Thursday, April 17, 2014
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EDIT: Droning on about the future

Instant gratification is no longer exclusively for music and movie downloads. Amazon Founder Jeff Bezos announced Sunday that the online shipping company is developing autonomous drones that will fly goods to deliver a customer’s DVDs, cameras and baby apparel in a half hour if the customers are within 10 miles of a distribution center. Essentially, lucky customers within the boundaries for drones will be fortunate enough to purchase actual goods without leaving their computer chairs.

Bezos hopes to get this program up and running within 5 years. The delivery-by-drone system, however, will not overshadow traditional delivery methods. Because of technological restrictions, the United State Postal Service, Federal Express and United Postal Service do not need to hold their breath. Current technology restricts these electronic drones to a point where only customers within the 10-mile limit of a warehouse or distribution center will receive lighter packages by air.

Amazon Prime will not be the first program of its kind in the United States, though. The Domino’s pizza franchise experimented with drones back in January of this year. Back in 2012, the Tacocopter graced the planet and delivered sumptuous burritos through a smartphone app for a short time. Using drones commercially as opposed to for surveillance or on battlefields is a growing trend, and because there is already media focus on drones, they are a brilliant addition to any corporate plan.

Commandeering drone technology in itself makes for incredible advertising. The venture garnered a gross amount of media attention, probably because the announcement was so tactfully planned. While people scour the Internet on Cyber Monday, they are destined to stumble across a story about the new drones delivering that shinyXbox One. People are so excited about Internet deals they do not see how drone technology could potentially be dangerous.

As exciting as innovation is, people should be way of what drones are capable of. Americans are already paranoid, especially about surveillance. Innovation is exciting, but are people ready for unmanned miniature helicopters flying around out neighborhoods?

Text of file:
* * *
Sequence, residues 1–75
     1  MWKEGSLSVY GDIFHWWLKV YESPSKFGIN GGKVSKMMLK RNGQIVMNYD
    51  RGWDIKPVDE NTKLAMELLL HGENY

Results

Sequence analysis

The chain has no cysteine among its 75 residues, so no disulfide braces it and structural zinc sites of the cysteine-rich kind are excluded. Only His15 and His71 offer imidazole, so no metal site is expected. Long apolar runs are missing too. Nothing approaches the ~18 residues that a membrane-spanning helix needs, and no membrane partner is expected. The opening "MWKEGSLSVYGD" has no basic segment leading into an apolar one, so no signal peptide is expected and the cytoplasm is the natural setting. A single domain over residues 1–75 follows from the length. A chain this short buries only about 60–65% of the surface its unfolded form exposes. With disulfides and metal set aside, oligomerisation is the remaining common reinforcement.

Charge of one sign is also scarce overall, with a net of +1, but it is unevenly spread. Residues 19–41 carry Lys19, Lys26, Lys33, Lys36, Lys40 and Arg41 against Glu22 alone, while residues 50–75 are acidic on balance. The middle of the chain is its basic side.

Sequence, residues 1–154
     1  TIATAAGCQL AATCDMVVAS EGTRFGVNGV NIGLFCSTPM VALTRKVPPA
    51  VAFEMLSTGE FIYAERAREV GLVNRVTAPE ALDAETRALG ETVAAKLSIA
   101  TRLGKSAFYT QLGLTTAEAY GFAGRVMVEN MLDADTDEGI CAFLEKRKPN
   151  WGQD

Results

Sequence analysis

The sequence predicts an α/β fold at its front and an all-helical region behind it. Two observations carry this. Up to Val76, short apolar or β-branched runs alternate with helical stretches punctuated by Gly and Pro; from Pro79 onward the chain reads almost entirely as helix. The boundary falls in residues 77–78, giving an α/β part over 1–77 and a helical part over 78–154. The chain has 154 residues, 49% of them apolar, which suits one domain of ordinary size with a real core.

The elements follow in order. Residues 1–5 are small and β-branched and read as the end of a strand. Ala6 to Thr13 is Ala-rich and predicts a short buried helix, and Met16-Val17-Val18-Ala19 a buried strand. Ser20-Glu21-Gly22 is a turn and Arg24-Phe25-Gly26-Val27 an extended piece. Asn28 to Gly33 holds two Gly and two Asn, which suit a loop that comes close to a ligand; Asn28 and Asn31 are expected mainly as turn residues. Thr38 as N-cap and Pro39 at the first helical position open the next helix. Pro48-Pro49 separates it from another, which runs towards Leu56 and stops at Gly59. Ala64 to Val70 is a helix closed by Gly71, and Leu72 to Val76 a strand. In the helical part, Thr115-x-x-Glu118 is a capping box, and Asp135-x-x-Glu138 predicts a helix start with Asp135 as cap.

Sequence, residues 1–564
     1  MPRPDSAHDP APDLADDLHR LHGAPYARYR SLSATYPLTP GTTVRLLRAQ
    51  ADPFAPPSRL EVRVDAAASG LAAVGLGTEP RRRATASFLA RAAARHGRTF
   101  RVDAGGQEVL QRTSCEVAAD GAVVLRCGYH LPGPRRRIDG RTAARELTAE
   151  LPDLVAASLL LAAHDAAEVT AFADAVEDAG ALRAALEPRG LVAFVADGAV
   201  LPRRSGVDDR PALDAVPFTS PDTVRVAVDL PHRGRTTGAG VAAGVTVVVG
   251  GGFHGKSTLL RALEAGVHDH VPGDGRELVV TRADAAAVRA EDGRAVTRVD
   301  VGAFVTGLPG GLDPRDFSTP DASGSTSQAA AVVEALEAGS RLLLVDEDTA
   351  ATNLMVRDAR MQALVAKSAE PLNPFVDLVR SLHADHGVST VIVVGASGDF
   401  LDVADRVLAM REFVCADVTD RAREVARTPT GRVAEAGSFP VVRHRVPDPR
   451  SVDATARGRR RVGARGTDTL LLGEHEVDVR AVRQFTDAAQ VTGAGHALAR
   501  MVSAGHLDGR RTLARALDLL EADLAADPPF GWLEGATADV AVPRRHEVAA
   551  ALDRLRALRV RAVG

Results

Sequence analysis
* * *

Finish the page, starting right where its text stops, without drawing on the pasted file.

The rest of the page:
What if the drone lands in a person’s yard within a few feet of a child playing outside? They fly by four powerful propellers. What if a delivery is miscalculated and the drones lose battery power? Trigger-happy Americans could also see these drones as target practice. These are a variety of issues we could expect Bezos and his team to work out, but then again, children should be nowhere near four spinning propellers strong enough to lift a drone and your new socks.

Bezos appears to be showing off, but he and his company thrive off ideas such as this. The Bezos Family Foundation invited 17 exceptional high school students and 13 educators to attend a symposium in Aspen, Colo. to discuss putting business ideas into action. The Bezos Scholars come from places such as New York and Johannesburg, South Africa. Let’s face it. He’s a good businessman and he’s great with public relations.

But how else are businesses, both large and small, going to innovate delivery systems in the future? Granted gifts will not fall from the sky à la Santa or The Hunger Games, but this venture opens the doors for retailers throughout the world to begin thinking about more autonomous methods to deliver their products. While Amazon will not the be first using drone technology for business, the attention it will get even by delivering goods a short distance to a limited customer base is cool enough to inspire more businesses.

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